Gartner Symposium ITxpo 2005 Presenter Name 16-21 October 2005 Walt Disney World Dolphin Orlando, Florida Presentation Title These materials can be reproduced only with Gartner's written approval. Such approvals must be requested via e-mail — firstname.lastname@example.org.
Tactical Guideline: Build wired and wireless networks to change as they evolve through several generations to achieve convergence. The many networks that exist today make it difficult for users to move seamlessly between the different wired and wireless networks. Wi-Fi and wired LANs will be the first to come together as Wi-Fi controllers integrated in Ethernet switches. Cellular sets with Wi-Fi radios will allow users to choose Wi-Fi (where available) for bandwidth-intensive data applications. Wi-Fi roaming, QOS and power management will be required for true VoWLAN — voice over Wi-Fi. The emergence of WiMax (and proprietary look-a-likes) will make fixed wireless access close in speed to wired alternatives. The use of UMA technologies will allow GSM and CDMA voice traffic to be transported over Wi-Fi networks. The IP Multimedia Subsystem (IMS) will permit the convergence of wired and wireless service provider backbone networks, making the delivery of services applications and content available on either network. The next step in the integration of Wi-Fi and cellular will come with the ability to roam between private Wi-Fi and public cellular with Wi-Fi/cellular handsets. True convergence of these networks will come when users can seamlessly move between public/private Wi-Fi and cellular networks. The backbone implementation of IMS, that is, IP, will be followed by IP to the handset, that is, over the radio to create an IP-everywhere network.
In 2005, the integration of WLAN technology into a subset of handset manufacturers offerings has become an imperative. However, other than permitting faster downloads over home networks, the mobile operators have been puzzled on how to make money off of this feature. In a manner parallel to what happened with cameras in handsets, end users seem to be thinking once again of using this new feature outside of the mobile network. End users who have negotiated flat-rate pricing, no longer have &quot;free&quot; minutes to spare to use their cell phones while in a building. As WLAN technology becomes more pervasive, organizations are seeking to offload cell phone traffic to the WLAN to avoid per-minute charges. In addition, organizations are finding it easier to achieve in-building coverage themselves as opposed to having to wait on the operator's engineering teams to fund an in-building base station. But the operators, believing that this phenomenon cannot be stopped, are learning that it may make sense to support this need because they can be assured that if nothing else, they can keep the client base committed to them. Furthermore, it was not as though the mobile operator was realizing this traffic anyway since in many cases the traffic moved via desk phones. But the way in which IT will implement wireless VOIP is still in question: Will calls be routed through the mobile operator or will they be routed via the PBX? Further studies and feedback are needed to spot the tradeoffs. Action Item: Organizations should procure and test WLAN-enabled cell phones to assess their impact on the future direction of in-building communications. Strategic Planning Assumption: By 2006, the top five major cell phone manufacturers will offer models that support voice over WLAN handsets in conjunction with PBX and IP-PBX vendors (0.7 probability).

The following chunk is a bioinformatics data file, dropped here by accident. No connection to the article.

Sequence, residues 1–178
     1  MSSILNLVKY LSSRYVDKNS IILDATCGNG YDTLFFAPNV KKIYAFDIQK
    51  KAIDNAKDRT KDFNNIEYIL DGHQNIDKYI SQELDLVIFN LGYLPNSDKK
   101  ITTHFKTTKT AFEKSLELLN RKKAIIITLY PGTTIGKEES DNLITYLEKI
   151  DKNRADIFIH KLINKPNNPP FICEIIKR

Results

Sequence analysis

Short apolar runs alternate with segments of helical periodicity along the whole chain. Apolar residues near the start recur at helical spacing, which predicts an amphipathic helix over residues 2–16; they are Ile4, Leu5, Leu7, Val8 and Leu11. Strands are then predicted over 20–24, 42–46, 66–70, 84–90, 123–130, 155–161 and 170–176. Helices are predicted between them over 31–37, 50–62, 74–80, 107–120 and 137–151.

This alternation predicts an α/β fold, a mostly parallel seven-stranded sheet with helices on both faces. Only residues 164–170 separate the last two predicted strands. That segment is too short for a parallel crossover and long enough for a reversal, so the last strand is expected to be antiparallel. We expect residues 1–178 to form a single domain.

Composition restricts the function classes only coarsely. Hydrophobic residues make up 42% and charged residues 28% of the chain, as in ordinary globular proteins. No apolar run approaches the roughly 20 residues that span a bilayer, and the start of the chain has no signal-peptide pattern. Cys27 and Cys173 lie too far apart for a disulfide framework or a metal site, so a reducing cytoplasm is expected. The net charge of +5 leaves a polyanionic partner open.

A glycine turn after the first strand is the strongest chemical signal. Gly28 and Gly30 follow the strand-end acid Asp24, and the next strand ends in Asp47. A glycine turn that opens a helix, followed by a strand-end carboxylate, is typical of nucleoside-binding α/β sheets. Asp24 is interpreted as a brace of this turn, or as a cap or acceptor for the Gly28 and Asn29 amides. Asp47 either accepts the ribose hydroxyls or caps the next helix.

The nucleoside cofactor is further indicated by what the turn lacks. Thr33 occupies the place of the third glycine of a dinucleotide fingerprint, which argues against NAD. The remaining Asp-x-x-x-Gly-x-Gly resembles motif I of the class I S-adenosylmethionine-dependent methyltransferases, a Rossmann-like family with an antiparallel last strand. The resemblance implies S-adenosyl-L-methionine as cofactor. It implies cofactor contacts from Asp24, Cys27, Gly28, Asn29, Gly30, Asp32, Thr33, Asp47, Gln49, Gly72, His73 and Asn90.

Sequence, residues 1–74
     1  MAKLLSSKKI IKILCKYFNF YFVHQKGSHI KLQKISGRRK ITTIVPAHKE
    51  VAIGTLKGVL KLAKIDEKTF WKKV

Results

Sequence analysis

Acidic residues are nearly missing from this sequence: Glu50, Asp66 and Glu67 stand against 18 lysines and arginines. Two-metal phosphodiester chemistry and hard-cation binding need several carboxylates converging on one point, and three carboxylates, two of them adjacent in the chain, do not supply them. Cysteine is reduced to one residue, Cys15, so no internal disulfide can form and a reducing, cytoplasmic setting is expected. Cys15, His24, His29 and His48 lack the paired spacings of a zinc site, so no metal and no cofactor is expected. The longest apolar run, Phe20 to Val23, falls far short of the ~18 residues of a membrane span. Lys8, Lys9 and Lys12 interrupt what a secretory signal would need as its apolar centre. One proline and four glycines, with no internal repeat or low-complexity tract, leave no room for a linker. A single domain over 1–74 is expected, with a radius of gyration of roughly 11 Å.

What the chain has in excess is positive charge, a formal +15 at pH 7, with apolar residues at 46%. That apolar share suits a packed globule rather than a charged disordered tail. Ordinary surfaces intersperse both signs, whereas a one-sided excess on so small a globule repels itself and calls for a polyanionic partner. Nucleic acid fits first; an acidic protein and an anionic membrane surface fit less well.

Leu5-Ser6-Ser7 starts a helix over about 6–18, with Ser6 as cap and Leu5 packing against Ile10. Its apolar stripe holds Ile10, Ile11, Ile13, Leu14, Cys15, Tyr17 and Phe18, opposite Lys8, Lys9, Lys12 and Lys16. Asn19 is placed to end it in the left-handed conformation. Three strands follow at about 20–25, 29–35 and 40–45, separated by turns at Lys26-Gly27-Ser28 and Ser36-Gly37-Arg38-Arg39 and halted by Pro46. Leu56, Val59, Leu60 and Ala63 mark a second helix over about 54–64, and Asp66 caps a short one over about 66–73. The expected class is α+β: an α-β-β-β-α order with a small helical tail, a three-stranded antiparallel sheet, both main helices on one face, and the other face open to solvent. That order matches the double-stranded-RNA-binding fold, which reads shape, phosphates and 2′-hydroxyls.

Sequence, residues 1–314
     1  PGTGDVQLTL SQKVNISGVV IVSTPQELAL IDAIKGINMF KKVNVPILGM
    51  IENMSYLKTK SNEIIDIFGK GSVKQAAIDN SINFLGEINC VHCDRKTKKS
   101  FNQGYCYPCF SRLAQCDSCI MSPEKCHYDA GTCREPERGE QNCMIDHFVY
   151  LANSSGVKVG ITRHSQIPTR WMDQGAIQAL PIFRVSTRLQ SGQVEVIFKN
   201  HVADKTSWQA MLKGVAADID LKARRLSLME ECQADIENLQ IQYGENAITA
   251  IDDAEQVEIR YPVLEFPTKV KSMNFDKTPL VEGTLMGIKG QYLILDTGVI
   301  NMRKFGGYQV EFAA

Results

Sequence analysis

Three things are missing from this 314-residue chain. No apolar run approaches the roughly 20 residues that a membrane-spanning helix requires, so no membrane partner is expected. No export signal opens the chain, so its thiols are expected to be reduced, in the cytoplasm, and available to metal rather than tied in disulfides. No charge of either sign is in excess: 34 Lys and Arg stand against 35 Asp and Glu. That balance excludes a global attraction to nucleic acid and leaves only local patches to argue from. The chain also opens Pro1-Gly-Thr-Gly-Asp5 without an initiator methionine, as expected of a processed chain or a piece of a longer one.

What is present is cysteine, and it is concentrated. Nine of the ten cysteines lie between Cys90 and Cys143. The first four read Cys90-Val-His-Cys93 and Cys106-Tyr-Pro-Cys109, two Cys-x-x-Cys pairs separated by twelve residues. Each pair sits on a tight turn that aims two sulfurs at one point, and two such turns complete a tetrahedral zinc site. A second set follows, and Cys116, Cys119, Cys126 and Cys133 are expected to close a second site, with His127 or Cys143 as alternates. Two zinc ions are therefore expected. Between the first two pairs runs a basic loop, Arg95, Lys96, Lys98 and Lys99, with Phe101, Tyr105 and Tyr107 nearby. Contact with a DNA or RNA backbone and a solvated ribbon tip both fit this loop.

Wireless VoIP will remain a niche in voice minutes through 2008. Many smartphones will support WiFi by 2008, but they represent a minority of the handset market. VoIP using 802.11b is not sufficiently scaleable for enterprise use (five to eight calls per access point). Wireless VoIP as a primary call mechanism will be limited to campus applications such as retail and warehouses; however, a large proportion of traveling employees will make occasional use of wireless VoIP, e.g. Skype, while traveling on business. Cellular will continue to displace fixes lines. This is both a consumer and a business trend. Many young people will never have a fixed line, in the U.S. and Europe. “Mobile only” consumers are probably around 10 percent of the total. In the corporate space, some cellular operators can now provide flat-rate calling between corporate user groups and can host applications that provide facilities similar to the corporate PBX. Coverage and capacity issues limit such solutions today, but in-building pico cells and the increased voice capacity of 3G will enable more such solutions. Cellular voice trends include falling prices, growing bundles of minutes and increasing numbers of contracts offering “free” or flat-rate calls to compete with VoIP. Action item: Explore wireless VoIP for special cases such as campus environments with low employee density. Strategic Planning Assumptions: Over 50 percent of smartphones shipping in 2008 will have WiFi support (0.7 probability). Through 2008, 80 percent of enterprise users will maintain more than one device to handle voice calls (0.8 probability). However, 80 percent of business travelers will occasionally use VoIP over WLAN for business or personal use (0.6 probability).